We can make our own decisions. Please respect that.

Ya a pussy!


Pussy. Some may use this term just as the syllable before “cat”but sometimes “pussy” is used as a slang for vagina. The word “pussy” is also thrown around usually among males to describe a man that is considered a weakling and here lies the reason for this journal entry.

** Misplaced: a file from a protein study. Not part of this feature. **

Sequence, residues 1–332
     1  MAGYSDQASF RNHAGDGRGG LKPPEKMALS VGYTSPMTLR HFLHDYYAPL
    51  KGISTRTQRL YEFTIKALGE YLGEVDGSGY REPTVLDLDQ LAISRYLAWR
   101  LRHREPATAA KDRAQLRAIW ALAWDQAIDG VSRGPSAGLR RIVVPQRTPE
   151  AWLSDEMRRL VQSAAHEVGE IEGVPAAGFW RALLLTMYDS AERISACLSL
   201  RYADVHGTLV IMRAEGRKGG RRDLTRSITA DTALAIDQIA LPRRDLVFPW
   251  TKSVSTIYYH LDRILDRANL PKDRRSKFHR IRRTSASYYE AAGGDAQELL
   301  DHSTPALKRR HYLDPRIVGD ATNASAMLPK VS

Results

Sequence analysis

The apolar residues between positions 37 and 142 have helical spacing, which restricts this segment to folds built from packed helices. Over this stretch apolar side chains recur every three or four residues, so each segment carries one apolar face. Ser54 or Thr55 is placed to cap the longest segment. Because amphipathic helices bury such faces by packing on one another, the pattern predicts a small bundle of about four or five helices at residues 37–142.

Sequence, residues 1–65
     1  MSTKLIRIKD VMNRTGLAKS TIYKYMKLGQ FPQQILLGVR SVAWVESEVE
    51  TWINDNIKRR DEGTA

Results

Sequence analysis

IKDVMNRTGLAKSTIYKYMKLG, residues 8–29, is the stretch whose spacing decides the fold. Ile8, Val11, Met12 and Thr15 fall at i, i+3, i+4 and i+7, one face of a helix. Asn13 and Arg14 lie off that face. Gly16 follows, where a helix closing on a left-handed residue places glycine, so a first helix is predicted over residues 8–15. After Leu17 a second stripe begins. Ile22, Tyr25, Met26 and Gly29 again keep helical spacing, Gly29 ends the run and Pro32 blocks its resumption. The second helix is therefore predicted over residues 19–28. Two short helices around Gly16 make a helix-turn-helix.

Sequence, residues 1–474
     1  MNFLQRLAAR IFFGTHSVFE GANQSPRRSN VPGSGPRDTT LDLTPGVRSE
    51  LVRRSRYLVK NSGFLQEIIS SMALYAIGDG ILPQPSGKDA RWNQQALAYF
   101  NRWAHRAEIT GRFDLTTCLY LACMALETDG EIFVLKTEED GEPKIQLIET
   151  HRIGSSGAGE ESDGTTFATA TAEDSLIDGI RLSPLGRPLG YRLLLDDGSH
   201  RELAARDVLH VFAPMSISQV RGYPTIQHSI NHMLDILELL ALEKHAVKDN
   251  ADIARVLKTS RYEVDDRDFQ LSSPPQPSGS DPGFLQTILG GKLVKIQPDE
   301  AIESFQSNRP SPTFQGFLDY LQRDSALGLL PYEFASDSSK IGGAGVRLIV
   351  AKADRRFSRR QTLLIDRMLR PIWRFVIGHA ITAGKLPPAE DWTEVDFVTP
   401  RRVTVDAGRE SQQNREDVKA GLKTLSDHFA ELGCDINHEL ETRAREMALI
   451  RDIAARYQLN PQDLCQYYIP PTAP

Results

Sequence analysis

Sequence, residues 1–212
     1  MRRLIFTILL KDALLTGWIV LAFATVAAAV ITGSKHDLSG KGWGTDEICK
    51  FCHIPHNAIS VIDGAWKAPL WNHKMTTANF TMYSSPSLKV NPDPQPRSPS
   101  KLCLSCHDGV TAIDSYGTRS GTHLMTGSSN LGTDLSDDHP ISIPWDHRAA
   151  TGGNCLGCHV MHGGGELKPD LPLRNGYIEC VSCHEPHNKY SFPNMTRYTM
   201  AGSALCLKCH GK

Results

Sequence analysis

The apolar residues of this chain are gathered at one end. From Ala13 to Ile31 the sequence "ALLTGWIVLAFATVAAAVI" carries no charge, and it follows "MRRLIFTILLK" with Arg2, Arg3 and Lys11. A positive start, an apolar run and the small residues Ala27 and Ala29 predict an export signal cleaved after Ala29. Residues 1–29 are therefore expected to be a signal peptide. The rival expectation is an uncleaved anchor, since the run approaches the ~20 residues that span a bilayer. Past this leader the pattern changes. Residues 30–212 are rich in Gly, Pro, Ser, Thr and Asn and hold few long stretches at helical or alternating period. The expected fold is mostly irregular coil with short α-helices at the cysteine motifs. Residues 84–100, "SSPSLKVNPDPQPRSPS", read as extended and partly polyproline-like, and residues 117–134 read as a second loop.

Being in the Caribbean, I’ve heard men call other men pussies for not conforming to what it is that a man is expected to be- a womanizer, tough, insensitive, crude and aggressive. I am not suggesting that the word is used solely by men in this fashion but I’d argue that it is primarily the case. In my own musings on what it means to be a heterosexual male in some Caribbean circles, it seems as if male straightness is incredibly fragile and dictated by some men who are insecure about their own sexuality and overly concerned about the way that other men live their lives. If a man is met with an unfortunate situation, he is expected to respond with anger and aggression. I recall witnessing an accident during the Christmas holidays where someone rear- end another vehicle breaking one of the tail-lights of the car to the front of him. The young man who was hit came out of his car repeating this one line in Antiguan dialect that essentially means, “This cannot be real” or “You cannot be serious.” He said, “Wha da joke ya tarl.” He repeated this over and over in a way as if he wanted to start something with the person that hit him but lacked the aggression and know how on what to do next. I mean, your vehicle was hit. You have every right to be upset but I  felt that in light of persons in typical Antiguan style flocking to see what had transpired and being asked by persons who missed the accident by a millisecond what had happened, the young man who had been hit was trying to appear more upset than he actually was. To not overreact with aggression can easily cause a man to be dubbed  a “pussy.”